I wouldn't count too much on HVAC people understanding exactly what you are after. That comes up in most home theater design seminars I have taken, where
the designer states the noise level at the vent permissible and if the HVAC guys screw it up, it's on their dime to get it fixed and meet the contractual specifications.
I was afraid of that.

Quote:
Originally Posted by Tedd View Post
Why 20A circuits? Is there any 20A gear?
Max combined amperage draw on the subwoofer amps alone is 24 amps. I calculated total draw from all the equipment in the rack plus projector to be 55 amps. Of course all equipment isn't going to be at peak draw ever, but 3 20 amp circuits is easy to do. The entire existing house is wired with 12 gauge wire so it seems appropriate to do 3 20 amp receptacles from a new subpanel.

Quote:
Originally Posted by Tedd View Post
What's stopping you from multiple smaller HVAC runs, if a single 8" run isn't going to cut it?
It'll have to be that or 1 10" if I don't have to cross joists.

Quote:
Originally Posted by Tedd View Post
I see you have but one set of steps, is this an omission or are you taking the seating right over to the wall?
That's just the way the architect drew it. There will be steps on both sides, seating centered.

Quote:
Originally Posted by Tedd View Post
Your front row seated ears are pretty much dead center on the length of the room, which is a big issue. Another reason why I question the third row's usefulness.
Along with the shallow AT space, which could be viewed as some flex space to nail the audio layout down, and then work the screen viewing angles and size.
Another luxury item in higher end rooms, is space, and that gives one separation from surround speakers.
Yeah, I called out the first row position as a problem. I've worked out the seating in terms of percentage of the length from the front wall as 53%, 77%, 90% for rows 1, 2, and 3 respectively. I think the front row needs to either be back at 55% or forward at 45%. I have the front of the screen wall at 20" from the front wall. Should I go deeper?
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post #10 of 52 Old 03-09-2019, 10:09 AM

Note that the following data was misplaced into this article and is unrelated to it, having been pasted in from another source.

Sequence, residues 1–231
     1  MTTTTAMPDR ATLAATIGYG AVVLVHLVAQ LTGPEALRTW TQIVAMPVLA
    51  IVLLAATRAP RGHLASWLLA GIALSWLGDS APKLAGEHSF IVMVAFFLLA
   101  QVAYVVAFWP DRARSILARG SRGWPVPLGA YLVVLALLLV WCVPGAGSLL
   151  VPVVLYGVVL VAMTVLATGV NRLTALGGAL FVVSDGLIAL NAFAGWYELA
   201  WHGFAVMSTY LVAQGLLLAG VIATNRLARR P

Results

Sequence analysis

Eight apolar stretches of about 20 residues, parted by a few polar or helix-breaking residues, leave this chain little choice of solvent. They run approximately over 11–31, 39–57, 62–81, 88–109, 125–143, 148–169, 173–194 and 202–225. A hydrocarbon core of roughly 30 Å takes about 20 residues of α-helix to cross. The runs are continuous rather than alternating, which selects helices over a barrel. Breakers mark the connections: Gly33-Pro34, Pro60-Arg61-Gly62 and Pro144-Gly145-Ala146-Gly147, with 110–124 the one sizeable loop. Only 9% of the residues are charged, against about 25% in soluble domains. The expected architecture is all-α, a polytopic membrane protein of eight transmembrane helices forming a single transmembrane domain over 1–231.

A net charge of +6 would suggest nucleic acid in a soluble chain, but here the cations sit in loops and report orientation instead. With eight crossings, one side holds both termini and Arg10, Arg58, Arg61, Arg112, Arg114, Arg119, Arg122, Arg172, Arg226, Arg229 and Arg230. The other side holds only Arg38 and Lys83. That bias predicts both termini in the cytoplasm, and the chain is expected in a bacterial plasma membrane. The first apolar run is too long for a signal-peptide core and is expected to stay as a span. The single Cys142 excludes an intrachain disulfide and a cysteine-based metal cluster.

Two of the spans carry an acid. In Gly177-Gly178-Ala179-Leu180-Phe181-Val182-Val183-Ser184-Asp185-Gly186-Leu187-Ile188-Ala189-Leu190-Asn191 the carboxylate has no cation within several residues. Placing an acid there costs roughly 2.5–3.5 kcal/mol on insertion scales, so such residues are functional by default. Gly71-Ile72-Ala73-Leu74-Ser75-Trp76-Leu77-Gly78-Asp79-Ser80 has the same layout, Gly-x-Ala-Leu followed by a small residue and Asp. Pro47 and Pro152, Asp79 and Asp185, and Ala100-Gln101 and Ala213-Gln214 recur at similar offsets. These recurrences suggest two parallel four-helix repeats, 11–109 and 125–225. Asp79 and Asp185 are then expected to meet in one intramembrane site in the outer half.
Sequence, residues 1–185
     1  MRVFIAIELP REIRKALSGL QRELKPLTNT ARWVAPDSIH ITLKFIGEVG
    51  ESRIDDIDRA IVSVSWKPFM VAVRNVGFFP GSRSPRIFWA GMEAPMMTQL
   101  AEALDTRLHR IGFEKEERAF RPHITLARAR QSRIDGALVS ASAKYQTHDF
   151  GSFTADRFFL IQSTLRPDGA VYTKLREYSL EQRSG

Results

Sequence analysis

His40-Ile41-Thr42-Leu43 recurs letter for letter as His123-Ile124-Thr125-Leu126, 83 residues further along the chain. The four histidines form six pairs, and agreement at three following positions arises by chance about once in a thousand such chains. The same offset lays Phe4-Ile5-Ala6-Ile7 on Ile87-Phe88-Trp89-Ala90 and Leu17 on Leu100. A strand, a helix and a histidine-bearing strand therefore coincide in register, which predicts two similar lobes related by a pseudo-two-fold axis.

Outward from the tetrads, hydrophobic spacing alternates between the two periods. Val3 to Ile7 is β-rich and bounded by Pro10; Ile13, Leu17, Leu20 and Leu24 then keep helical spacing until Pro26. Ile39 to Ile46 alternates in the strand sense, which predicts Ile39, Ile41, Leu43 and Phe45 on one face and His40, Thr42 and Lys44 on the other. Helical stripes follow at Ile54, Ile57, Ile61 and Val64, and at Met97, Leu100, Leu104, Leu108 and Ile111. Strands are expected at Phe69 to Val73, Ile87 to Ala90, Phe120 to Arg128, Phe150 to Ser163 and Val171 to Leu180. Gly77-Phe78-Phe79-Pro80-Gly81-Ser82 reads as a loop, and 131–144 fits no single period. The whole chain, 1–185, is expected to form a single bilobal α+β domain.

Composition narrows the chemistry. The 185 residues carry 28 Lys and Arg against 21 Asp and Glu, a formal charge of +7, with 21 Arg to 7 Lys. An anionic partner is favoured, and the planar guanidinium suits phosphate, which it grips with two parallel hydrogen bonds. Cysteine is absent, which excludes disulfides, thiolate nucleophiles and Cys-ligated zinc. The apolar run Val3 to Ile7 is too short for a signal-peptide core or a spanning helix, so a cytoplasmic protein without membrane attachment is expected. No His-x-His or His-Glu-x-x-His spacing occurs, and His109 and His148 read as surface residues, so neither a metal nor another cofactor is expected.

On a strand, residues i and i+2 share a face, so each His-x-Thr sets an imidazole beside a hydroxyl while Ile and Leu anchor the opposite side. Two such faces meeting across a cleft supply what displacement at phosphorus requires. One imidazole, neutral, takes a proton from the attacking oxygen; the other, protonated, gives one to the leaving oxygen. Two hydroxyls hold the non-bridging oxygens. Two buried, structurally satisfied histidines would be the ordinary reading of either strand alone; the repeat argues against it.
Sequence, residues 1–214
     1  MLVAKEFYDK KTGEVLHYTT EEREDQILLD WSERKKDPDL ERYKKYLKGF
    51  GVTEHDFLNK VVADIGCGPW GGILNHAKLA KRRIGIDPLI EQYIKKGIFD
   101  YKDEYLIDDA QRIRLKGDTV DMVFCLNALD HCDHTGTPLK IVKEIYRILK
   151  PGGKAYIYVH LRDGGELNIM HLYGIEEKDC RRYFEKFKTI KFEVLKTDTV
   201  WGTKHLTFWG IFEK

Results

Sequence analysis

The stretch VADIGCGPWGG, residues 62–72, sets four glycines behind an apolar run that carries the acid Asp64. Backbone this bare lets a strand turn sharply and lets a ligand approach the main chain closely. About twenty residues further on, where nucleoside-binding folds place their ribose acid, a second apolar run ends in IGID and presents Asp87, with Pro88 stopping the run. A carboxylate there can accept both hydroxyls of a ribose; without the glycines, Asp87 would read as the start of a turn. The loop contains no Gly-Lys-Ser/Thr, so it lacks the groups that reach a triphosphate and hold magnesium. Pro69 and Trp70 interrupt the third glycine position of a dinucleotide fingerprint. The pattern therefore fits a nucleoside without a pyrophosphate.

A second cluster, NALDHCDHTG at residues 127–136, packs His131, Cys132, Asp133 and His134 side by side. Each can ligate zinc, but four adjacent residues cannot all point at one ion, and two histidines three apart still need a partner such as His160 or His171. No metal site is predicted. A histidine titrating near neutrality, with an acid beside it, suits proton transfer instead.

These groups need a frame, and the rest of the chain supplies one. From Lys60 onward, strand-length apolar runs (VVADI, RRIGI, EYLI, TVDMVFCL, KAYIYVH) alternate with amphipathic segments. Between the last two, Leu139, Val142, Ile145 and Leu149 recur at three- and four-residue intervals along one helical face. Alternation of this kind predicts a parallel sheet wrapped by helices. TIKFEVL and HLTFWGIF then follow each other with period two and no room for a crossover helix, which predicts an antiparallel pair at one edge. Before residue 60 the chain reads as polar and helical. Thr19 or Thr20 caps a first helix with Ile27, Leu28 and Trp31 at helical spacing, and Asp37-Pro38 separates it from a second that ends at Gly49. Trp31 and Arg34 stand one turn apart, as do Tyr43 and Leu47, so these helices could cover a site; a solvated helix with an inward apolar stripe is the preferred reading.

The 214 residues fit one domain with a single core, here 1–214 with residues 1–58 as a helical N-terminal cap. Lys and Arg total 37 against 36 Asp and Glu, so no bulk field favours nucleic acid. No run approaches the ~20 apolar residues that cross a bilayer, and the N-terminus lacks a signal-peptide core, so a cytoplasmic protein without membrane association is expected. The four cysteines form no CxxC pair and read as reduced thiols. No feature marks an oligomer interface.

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I've got a bar and haven't noticed any strange audio problems/issues with it but I have not run any measurements either. Ignorance may be bliss here!

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post #11 of 52 Old 03-12-2019, 06:19 PM - Thread Starter
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Brief update. I met with a builder today which has me excited to know that we're moving forward a little in the process but also dreading how high the bid will be.

This is a pretty high end design-build firm so they do fantastic work. I handed over some notes based on Jeff Parkinson's contractor's notes for high performance theaters. He didn't balk at anything on those 2.5 pages so that's a good sign.

They do have experience with clips and channel, soundproofing, etc. He dug up a sample of Blue Ridge Soundstop board as a potential soundproofing wall material. I wasn't impressed. It's very lightweight. Being a recycled product, I think it's more useful for getting LEED points than soundproofing theaters. It might help reduce some noise between rooms for instance, but there's not enough mass to be effective at low frequencies. They do publish testing data and the STC ratings aren't as good as the basic double drywall and green glue systems.
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I feel like this will be a good builder to work with, but it's not going to be cheap!